Independent Living Fund — [Mr George Howarth in the Chair]

Part of the debate – in Westminster Hall at 4:12 pm on 8th July 2015.

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Photo of Justin Tomlinson Justin Tomlinson Parliamentary Under-Secretary of State (Department for Work and Pensions) (Disabled People) 4:12 pm, 8th July 2015

It is a pleasure to serve under your chairmanship, Mr Howarth. I thank Nic Dakin for calling this debate. It is of great interest to a number of people.

I recognise the valuable role that the independent living fund has played in enabling severely disabled people to live independently over the last 27 years. The ILF was created in 1988 as a transitional arrangement to mitigate the impact of the end of domestic assistance allowances when supplementary benefit was replaced with income support. The fund was established for a maximum of five years as a charitable trust to make payments to people on low incomes who had to pay for personal care. It was expected to support about 300 people. At that time, there was no clear legal provision for local authorities to make such payments.

The original ILF charitable trust ran until 1992, when it was closed to new applications. A new extension fund was created in 1993 to receive new applicants, and the two funds ran in parallel until 2007, when they were amalgamated. Following a trustee decision temporarily to cease taking new applications, the fund was closed to new users permanently in December 2010.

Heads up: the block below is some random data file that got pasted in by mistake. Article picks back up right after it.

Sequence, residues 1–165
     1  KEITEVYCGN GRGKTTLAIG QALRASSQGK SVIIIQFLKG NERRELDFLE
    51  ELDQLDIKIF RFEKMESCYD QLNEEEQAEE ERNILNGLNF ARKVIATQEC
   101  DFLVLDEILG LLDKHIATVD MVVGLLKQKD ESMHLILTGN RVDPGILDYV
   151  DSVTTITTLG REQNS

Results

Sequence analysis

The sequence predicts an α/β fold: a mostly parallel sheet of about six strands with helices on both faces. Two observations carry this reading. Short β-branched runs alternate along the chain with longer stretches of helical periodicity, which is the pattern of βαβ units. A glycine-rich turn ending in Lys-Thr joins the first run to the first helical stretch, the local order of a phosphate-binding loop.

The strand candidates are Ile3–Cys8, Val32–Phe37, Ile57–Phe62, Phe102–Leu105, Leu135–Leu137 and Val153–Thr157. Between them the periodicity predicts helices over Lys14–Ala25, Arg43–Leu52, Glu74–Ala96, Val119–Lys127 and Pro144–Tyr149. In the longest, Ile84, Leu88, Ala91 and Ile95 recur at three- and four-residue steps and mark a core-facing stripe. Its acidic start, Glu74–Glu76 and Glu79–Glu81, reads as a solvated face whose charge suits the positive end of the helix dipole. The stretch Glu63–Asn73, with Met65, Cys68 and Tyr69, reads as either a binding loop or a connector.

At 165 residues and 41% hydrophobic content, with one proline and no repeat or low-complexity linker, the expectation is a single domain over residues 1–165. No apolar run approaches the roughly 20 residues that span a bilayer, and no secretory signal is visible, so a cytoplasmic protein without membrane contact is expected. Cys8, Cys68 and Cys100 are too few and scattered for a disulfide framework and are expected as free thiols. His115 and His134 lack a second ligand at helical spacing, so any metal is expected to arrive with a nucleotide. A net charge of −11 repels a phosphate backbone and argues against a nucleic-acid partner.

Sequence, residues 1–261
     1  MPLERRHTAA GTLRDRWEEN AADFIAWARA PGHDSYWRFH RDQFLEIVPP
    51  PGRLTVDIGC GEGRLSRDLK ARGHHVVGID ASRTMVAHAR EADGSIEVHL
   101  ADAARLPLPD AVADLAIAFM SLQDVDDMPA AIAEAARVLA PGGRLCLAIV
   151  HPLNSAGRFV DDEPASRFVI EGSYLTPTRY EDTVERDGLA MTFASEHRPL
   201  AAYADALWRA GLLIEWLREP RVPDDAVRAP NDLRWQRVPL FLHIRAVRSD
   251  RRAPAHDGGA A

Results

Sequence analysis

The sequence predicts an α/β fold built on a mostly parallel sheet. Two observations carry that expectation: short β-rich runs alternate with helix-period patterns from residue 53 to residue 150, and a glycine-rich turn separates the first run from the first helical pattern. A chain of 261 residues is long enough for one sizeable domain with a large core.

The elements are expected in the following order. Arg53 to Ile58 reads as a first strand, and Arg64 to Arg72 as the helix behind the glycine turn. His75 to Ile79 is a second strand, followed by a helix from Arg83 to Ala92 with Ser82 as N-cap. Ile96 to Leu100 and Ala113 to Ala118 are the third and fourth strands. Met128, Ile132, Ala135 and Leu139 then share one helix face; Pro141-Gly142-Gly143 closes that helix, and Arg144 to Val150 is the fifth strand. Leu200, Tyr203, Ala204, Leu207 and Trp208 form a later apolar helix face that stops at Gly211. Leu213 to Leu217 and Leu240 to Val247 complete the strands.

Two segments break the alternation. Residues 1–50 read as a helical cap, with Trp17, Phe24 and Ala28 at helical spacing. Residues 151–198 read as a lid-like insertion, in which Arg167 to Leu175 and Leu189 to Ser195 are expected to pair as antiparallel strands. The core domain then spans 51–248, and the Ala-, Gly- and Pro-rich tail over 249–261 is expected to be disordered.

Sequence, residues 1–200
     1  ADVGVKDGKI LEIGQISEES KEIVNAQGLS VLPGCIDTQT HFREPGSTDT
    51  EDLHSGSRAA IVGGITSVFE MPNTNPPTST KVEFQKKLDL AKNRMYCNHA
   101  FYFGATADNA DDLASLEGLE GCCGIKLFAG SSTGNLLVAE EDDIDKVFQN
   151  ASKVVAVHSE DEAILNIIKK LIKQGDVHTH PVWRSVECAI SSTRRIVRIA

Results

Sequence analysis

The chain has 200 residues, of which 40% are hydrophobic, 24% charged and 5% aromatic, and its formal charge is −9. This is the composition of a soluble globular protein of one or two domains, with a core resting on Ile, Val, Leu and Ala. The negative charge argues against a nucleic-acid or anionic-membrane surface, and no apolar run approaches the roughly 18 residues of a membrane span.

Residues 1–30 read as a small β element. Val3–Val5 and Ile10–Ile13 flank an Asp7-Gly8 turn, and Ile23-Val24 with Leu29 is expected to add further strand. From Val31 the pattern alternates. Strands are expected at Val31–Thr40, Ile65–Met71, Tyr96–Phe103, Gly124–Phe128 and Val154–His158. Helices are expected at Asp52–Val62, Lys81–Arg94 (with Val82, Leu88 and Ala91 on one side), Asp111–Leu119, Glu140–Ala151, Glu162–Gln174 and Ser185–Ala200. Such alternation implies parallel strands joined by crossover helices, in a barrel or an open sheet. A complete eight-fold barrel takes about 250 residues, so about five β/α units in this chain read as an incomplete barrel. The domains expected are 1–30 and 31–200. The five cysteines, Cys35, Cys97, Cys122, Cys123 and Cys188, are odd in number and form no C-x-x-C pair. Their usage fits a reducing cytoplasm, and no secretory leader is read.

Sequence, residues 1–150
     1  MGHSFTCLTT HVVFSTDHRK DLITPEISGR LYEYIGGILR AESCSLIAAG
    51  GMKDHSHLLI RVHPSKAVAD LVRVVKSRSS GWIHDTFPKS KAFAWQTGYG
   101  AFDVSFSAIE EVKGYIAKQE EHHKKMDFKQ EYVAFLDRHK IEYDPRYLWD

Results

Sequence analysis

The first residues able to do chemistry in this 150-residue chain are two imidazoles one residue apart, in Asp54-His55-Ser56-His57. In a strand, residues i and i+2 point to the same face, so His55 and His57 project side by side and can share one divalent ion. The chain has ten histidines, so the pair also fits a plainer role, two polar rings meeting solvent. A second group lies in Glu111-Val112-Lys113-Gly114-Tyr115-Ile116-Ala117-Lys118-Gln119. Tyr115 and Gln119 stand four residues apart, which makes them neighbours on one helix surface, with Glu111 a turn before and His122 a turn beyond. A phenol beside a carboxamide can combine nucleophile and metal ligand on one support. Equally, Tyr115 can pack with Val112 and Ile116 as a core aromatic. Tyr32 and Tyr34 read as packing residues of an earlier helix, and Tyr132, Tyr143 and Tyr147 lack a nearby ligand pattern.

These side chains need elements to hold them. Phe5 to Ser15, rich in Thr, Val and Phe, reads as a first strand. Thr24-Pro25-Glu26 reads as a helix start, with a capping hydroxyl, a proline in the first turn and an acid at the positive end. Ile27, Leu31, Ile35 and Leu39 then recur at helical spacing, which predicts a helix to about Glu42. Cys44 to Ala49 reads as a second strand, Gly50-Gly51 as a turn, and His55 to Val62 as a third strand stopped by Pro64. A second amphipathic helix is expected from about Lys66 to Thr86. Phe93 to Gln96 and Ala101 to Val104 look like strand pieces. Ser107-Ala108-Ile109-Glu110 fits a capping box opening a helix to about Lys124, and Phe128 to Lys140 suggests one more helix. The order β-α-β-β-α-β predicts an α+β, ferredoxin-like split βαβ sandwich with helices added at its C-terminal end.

The decision to close the ILF completely, which was announced in a written ministerial statement on 6 March 2014, followed careful consideration of the implications of a Court of Appeal judgment handed down in November 2013. The decision was based on new evidence and a new equality analysis, and reflected those changes.

I understand and acknowledge the depth of the concern shared by many former ILF users about its closure and the impact of that. It was incredibly important to the users. Human nature does not like change, but when it is something so important to someone’s independence, I absolutely get the strength of feeling. However, it was no longer appropriate to continue to fund care and support needs through a discretionary trust operating outside the mainstream system. The mainstream adult social care system has undergone radical changes since the ILF was established. The introduction of the Care Act 2014 in England means that the key features of ILF support, which contributed to its success—personalisation, inclusion, choice and control—are now part of the mainstream adult social care system. Broadly similar legislation has already been introduced in Scotland and will come into force in Wales during 2015-16.

Local authorities themselves have a statutory duty to assess and fund the eligible care needs of disabled people, and 94% of all former ILF users already received a local authority contribution to their care and support. Transferring full responsibility for adult care and support to local authorities ensures that the needs of all disabled people will be met within a single care and support system, thereby simplifying arrangements.